Clemson geneticist’s honorary trip to Dublin is a learning experience for all
DUBLIN, Ireland – Clemson University scientist Trudy Mackay was presented with the prestigious 2018 Dawson Prize in Genetics at Trinity College Dublin in early November.
Mackay, who is the director of Clemson’s Center for Human Genetics, spent almost a week in Ireland, where she received her prize, toured the university and city, gave a public lecture, and met with undergraduate and graduate students of the Smurfit Institute of Genetics. Mackay was accompanied by her husband Robert Anholt, Provost’s Distinguished Professor of Genetics and Biochemistry and also director of faculty excellence initiatives in the College of Science.
Here are a few snapshots of their Irish adventures:
Trudy and Robert’s flight arrived early on a Monday morning. Coffee jolted them awake. Dublin took care of the rest. The couple enjoyed a walking tour of the main commercial district, strolling on brick sidewalks and admiring the city’s eclectic blend of historic and contemporary sites. One of the highlights was stopping to visit the Molly Malone Statue, which is a bronze likeness of a fictional fishmonger of the same name. According to the Molly Malone Statue official website, certain portions have been discolored by “handsy” tourists.
FOOD AND DRINK HIGHLIGHTS: Fish and chips (Robert) and smoked chicken flatbred with baked brie and pomegranate dressing (Trudy) at Kennedys Bar and Restaurant, which was established in 1850 and is famous in part for employing Oscar Wilde.
QUOTES OF THE DAY: “Time to buy an Arran sweater – it’s cold!” – Trudy
“I enjoyed my first-ever Guinness at the pub, and back at the hotel I discovered Connemara malt, which is now my favorite Irish whiskey.” – Robert
TOURING THE COAST
Trudy and Robert spent Tuesday and Wednesday on organized tours of Ireland’s western seacoast. On Tuesday, they visited the Connemara District and the harbor city of Galway. Connemara’s coastline, which faces the Atlantic, boasts a fascinating array of fishing villages, tiny coves and bays. On Wednesday, they went to the Cliffs of Moher, a towering bulwark of steep sea cliffs that runs for more than eight miles along the southwestern coast. There they saw ancient castles and crumbling ruins. At one point it poured rain. But when the sky cleared, they were treated to a perfect rainbow.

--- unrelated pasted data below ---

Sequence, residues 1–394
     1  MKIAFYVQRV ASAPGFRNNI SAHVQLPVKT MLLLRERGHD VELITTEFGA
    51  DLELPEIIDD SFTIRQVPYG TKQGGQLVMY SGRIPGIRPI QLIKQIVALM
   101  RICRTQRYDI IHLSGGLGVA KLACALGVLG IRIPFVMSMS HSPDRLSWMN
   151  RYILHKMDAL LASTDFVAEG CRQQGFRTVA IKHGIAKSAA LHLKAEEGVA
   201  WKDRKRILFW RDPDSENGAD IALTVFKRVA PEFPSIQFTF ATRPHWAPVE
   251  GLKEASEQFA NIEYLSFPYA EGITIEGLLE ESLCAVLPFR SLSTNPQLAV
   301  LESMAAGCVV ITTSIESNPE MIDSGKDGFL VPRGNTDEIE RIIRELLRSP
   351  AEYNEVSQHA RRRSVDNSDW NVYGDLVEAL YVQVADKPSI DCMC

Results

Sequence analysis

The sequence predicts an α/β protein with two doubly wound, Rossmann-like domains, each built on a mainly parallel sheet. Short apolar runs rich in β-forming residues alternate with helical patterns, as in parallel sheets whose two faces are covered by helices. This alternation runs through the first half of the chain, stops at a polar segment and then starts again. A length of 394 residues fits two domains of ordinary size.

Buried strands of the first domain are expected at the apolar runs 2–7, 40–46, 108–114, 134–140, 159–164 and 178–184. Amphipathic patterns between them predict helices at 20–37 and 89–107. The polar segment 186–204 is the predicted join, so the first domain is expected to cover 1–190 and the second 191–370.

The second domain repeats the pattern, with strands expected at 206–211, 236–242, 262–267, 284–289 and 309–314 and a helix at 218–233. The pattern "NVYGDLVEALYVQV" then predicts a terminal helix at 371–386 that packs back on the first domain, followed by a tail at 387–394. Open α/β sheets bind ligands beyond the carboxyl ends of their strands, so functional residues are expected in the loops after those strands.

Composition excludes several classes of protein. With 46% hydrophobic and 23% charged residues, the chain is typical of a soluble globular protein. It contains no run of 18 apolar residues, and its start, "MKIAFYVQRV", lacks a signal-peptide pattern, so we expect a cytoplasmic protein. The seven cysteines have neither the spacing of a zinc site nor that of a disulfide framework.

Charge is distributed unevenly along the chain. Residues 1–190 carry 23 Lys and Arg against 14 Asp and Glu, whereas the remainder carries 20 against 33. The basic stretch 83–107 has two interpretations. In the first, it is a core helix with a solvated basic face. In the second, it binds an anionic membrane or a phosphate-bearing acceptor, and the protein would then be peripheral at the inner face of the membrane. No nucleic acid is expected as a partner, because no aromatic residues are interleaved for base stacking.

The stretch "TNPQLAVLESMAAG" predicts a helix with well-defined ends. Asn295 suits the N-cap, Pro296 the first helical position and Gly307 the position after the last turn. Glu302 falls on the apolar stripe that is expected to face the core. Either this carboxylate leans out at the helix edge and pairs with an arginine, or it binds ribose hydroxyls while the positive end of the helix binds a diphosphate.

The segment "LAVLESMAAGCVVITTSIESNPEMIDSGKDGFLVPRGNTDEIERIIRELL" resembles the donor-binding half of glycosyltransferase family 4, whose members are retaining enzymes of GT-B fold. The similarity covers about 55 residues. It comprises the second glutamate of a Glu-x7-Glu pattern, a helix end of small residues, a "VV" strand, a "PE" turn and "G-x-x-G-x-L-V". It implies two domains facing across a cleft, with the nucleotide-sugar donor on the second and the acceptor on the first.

FOOD AND DRINK HIGHLIGHTS: Irish lamb stew, smoked salmon and locally brewed beer at the Brazen Head, which was established in 1198 and proudly proclaims to be Ireland’s oldest pub.
QUOTES OF THE DAY: “I’m not being much of a meat eater, so I wasn’t as impressed with the pub food as Robert was. But the pubs themselves were fascinating.” – Trudy
“Connemara was a beautiful and wild country. We even saw some ponies.” – Robert
THE DOUBLE HELIX
On Thursday, Trudy and Robert arrived at Trinity Dublin College, which was founded in the late 16th century and is located in the heart of Dublin, and they quickly fell in love with the university’s grand buildings and ornate architecture. They were met by Aoife McLysaght, professor and chair of genetics at Trinity. Aoife (pronounced EE-fah) was vibrant, gracious and energetic, and she took Robert and Trudy on a spirited tour of the university grounds. It happened to be graduation day, and the students were dressed in black academic regalia with hoods timed in rabbit fur. Many of the male faculty were formally attired in tuxedos. The entire ceremony was spoken in Latin. Trudy and Robert spent a couple of hours in the afternoon speaking with David McConnell, a fellow geneticist who was the second department head of the genetics department and is currently a Pro-Chancellor. During their visit, they sat by a glowing fireplace and sipped sherry. Later that afternoon, Trudy gave a public lecture titled “From Flies to Humans, Humans to Flies,” during which she talked about the translational potential of Drosophila (fruit flies) that forms the foundation of Trudy’s renowned research. After the lecture, Trudy was awarded the Dawson Prize, which was presented in the form of a gold miniature of the sculpture “The Double Helix.”
FOOD AND DRINK HIGHLIGHTS: Trudy and Robert were taken to dinner at a seafood restaurant called Matt The Thresher, where they enjoyed some especially pleasant wine and Dover sole meuniere.
QUOTES OF THE DAY: “So much of the college looks very medieval. Very proper. Impressive architecture!” – Trudy
“The moment you walk onto Trinity’s grounds, it feels scholarly.” – Robert
THE FINAL DAY
On Friday morning, Trudy met with a large group of final-year and graduate students. In the early afternoon, she led a seminar in front of a standing-room-only crowd. Later that afternoon, she met with a group of third-year students. Before leaving Trinity, Trudy and Robert were taken to “The Old Library,” which was built in the 18th century and which features an illuminated display of the “Book of Kells,” a ninth-century gospel manuscript that is famous throughout the world. Another highlight was the magnificent “Long Room,” which houses 200,000 of the library’s oldest books on its oaken shelves and is the inspiration for Hogwart’s Library in the Harry Potter films. After dinner, their adventures in Ireland came to an end and they flew back to South Carolina the next morning.
FOOD AND DRINK HIGHLIGHTS: Trudy and Robert enjoyed dinner at Pearl Brasserie, which featured French cuisine. One of the main dishes was squab (pigeon) with foie gras.
QUOTES OF THE DAY: “The seminar was really interesting because we were able to talk about the potential of students from Trinity coming here to Clemson next summer and doing some research. We were all very excited about this prospect.” – Trudy
“The library was beautiful, and it was very old. Some of the books looked like they would disintegrate in your hands if you tried to pick them up.” – Robert